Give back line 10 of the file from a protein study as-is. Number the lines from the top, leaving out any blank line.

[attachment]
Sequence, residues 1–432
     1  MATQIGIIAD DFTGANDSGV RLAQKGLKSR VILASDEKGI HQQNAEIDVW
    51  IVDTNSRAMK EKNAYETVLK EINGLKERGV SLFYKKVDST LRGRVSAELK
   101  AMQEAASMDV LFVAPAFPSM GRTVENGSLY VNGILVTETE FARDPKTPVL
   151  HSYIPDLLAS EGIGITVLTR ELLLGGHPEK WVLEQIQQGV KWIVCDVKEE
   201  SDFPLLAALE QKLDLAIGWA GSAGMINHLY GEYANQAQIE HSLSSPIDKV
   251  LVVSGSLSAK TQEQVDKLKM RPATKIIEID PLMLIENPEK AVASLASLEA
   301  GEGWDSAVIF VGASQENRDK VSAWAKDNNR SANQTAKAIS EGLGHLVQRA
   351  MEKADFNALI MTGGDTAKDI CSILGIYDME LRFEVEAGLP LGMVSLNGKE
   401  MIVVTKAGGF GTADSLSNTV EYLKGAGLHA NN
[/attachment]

   401  MIVVTKAGGF GTADSLSNTV EYLKGAGLHA NN